Friday 28 June 2013

Bible Book:

Deuteronomy 7:12-16 Friday 28 June 2013


Ancient Israel lived in a world where there were many covenantsor treaties between states and empires. The book of Deuteronomy isclear that in this world of shifting coalitions the enduringloyalty of the people must be to God, not to the empires andalliances which surrounded them. This special relationship isdescribed as the Covenant - an enduring treaty between God and thepeople.

"Covenant" is a very important word in the Bible - and a veryspecial word for Methodists. It describes a relationship based on apermanent and all involving promise. God makes a big promise to allof us, and each one of us is invited to make our own promises toGod in return.

God's faithfulness in keeping promises seems to be described ina very material way in this passage, but look more closely and youwill see that all these blessings are about strengthening the lifeof the people rather than increasing their wealth. Livingfaithfully in the Covenant with God brings renewed life. God'spromises are always life giving.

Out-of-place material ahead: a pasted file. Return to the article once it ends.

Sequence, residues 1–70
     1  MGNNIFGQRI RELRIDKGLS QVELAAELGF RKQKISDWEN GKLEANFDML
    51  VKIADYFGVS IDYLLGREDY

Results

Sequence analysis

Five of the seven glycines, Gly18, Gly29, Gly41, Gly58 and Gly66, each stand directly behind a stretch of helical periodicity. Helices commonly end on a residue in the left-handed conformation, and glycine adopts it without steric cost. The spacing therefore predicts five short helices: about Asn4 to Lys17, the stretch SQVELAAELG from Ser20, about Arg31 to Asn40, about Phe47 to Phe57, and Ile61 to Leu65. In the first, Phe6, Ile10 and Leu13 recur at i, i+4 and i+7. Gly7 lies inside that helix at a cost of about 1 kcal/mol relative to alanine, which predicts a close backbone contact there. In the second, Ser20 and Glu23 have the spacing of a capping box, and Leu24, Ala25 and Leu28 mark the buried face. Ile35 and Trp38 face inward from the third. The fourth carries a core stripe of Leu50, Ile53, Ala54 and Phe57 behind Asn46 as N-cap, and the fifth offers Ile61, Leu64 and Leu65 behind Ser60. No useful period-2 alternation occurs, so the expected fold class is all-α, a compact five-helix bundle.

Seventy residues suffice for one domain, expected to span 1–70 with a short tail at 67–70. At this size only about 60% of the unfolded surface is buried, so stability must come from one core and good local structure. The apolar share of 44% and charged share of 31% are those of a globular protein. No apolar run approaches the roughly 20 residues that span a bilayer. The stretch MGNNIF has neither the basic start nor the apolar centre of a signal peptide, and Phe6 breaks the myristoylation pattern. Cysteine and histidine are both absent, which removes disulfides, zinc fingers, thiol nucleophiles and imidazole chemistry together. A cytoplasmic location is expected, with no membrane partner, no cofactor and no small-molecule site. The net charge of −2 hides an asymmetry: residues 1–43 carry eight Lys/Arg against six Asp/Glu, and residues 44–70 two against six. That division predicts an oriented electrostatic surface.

Methodists today celebrate an annual Covenant Service in which we renew our promises to God. Thecovenant promises make it clear that we must accept what God offersand do not expect any rewards. It is enough to know that God isrenewing our lives and will always be there for us.

If you read verse 12 in isolation you might think that God'slove depends on the people's obedience, but it is clear in thewider story of Scripture that this is not so. We may choose toignore or offend God - but God still goes on loving. A covenant is"for better, for worse". So if God commits to us in this way, canwe commit to love and serve the world around us with the samefaithfulness?

To Ponder

  • What are the most important promises you have ever made? Andwhich have been the hardest to keep?
  • What are the relationships which renew your life?
  • If God commits to love us despite who we are and what we do -how can you commit to love and service towards others?
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